Arguing the toss, spiked style

This week: is it time to restrict takeaways and fast-food joints?

People who live in areas with lots of fast-food joints are generally fatter than people who don’t. Like, duh!

Is that right?

Yes, it’s in the British Medical Journal.

So, no chance that this is a case of correlation not causation? You know, that people who live in areas with lots of takeaways are different to people in areas without takeaways in lots of different ways. They’re often poorer, probably less well-educated, smoke and drink more on average, less likely to fret about going to the gym, and so on. I know the researchers probably tried to control for some of those factors, but it would be impossible to identify every difference. It also assumes that if the takeaways weren’t there that people nearby would automatically be eating truckloads of salad. I doubt that’s true.

If you eat junk, you get fat and then you get ill. Fast food is killing us – or at least, those stupid enough to eat it.

Well, I don’t think anybody ever suggested takeaway food was particularly healthy. As it happens, I don’t think there’s much wrong with most takeaway meals. There is plenty of nutrition in them.

They contain too much fat, salt and sugar, and not enough fruit and veg.

Ah yes, the cult of ‘five a day’. Did you know that the studies that have looked into that properly have found little or no evidence that eating loads of fruit and veg has any impact on your health?

That must be nonsense.

No, it’s true. The researchers, clearly expecting to find the opposite, have been downright apologetic about their findings.

As for fat, salt and sugar, it’s amazing how often scare stories about those things crumble in the face of proper research. For example, claims that fat causes heart disease have been taking a battering for years now. A few people might become salt sensitive, but the vast majority of us could cut our salt intake down and find our blood pressure is barely affected. I think the jury is still out on whether sugar is particularly bad for you or not.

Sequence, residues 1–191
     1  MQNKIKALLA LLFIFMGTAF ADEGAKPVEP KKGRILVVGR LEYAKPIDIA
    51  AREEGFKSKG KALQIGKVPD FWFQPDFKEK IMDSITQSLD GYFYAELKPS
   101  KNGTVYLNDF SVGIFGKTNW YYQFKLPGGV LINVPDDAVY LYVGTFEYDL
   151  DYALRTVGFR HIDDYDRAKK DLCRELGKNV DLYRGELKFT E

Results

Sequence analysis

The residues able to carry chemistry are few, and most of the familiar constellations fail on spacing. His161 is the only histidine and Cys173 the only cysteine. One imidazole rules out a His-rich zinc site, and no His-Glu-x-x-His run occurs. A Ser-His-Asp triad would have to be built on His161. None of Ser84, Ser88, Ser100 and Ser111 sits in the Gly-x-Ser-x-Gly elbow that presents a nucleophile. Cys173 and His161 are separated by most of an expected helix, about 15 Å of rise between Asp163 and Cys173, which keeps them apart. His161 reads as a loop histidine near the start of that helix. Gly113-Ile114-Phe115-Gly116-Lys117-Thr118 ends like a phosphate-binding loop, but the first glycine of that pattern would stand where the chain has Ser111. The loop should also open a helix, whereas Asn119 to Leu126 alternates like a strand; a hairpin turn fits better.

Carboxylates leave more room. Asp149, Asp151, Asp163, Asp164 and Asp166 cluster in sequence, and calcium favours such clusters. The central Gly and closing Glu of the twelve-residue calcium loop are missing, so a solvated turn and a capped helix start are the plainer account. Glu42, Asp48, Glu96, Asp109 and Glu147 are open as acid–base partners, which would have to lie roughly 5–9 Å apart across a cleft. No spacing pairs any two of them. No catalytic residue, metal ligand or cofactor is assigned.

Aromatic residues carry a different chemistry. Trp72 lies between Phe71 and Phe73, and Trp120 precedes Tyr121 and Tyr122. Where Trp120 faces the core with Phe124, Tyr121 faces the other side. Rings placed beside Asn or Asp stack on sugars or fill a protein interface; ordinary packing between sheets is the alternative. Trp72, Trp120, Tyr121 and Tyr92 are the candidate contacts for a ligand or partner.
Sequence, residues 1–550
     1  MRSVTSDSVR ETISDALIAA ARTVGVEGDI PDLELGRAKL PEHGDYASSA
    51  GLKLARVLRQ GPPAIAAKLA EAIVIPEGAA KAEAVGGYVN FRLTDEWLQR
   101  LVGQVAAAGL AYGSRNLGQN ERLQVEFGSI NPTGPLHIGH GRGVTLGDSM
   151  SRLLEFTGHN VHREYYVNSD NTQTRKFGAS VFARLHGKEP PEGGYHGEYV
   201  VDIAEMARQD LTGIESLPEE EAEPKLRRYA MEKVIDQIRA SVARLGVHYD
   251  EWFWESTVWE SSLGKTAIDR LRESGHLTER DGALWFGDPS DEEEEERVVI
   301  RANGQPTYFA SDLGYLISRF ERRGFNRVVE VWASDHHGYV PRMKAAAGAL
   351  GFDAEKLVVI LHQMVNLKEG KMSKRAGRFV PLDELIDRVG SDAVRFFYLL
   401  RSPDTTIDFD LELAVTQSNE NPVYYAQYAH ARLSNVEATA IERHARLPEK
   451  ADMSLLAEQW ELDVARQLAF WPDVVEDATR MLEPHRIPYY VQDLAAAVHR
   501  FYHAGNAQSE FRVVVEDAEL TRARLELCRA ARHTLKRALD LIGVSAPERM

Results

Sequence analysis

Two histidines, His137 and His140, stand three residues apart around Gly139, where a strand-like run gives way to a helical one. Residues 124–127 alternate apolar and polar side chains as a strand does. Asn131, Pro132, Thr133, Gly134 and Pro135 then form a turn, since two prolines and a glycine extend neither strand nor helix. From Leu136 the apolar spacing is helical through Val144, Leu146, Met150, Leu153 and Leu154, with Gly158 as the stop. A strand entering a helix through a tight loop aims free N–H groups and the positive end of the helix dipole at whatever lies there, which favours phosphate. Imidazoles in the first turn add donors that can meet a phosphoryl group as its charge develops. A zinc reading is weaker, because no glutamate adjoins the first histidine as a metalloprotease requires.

Hmmm… I find it hard to believe they would make such a fuss about those things without there being some truth in it. Anyway, takeaway food is stuffed full of calories. It makes people fat, full stop.

Well, yes, some takeaway meals are pretty hefty. But most people recognise that a big meal is a big meal, whether it is from the fried-chicken shop or a Michelin-starred restaurant. If you find that you eat so much that you feel stuffed all the time, it might be time to cut down a bit, wherever you eat!

But takeaway food is so cheap, you can get mounds of it and end up eating too much.

There’s nothing wrong with food being cheap. I think we can leave it to people to decide if they’ve eaten too much.

I’m not sure that we can leave it to people to decide. Have you seen how many fat people there are? And even if adults should be allowed to have a choice, at least think of the children.

Think of the children? *rolls eyes*

Yes, think of the children. And that’s why I think that fast-food outlets should be restricted, especially near schools.

There are a lot of schools. So you’re basically saying that fast-food outlets should be restricted, full stop.

It would be no bad thing if they were. People should be cooking at home.

Unless of course you’re rich enough to enjoy fine dining every night, presumably? I think takeaways and fast-food restaurants provide nutritious food at comparatively low prices. That’s a good thing. I don’t see why normal, legal businesses should be told where they can or cannot set up, especially on such stupid grounds as the wild claims made about obesity. It’s far from obvious that fast food does cause obesity. American research found no link between obesity and fast-food joints, for example.

What really drives the attacks on takeaways is a patronising and downright snobbish assumption that we need moral guardians to protect us from ourselves. We are more than capable of figuring out what to eat or not to eat, or of making the decision to enjoy something tasty even if it’s a bit naughty. But politicians and health obsessives think that health should take priority over everything else – pleasure, convenience, the right to trade where you choose, and so on. So the solutions to health problems that they come up with always seem to be illiberal, even authoritarian.

Takeaways are popular for a reason: they produce hassle-free, enjoyable, nutritious food cheaply. What’s wrong with that?

Rob Lyons is associate editor at spiked.

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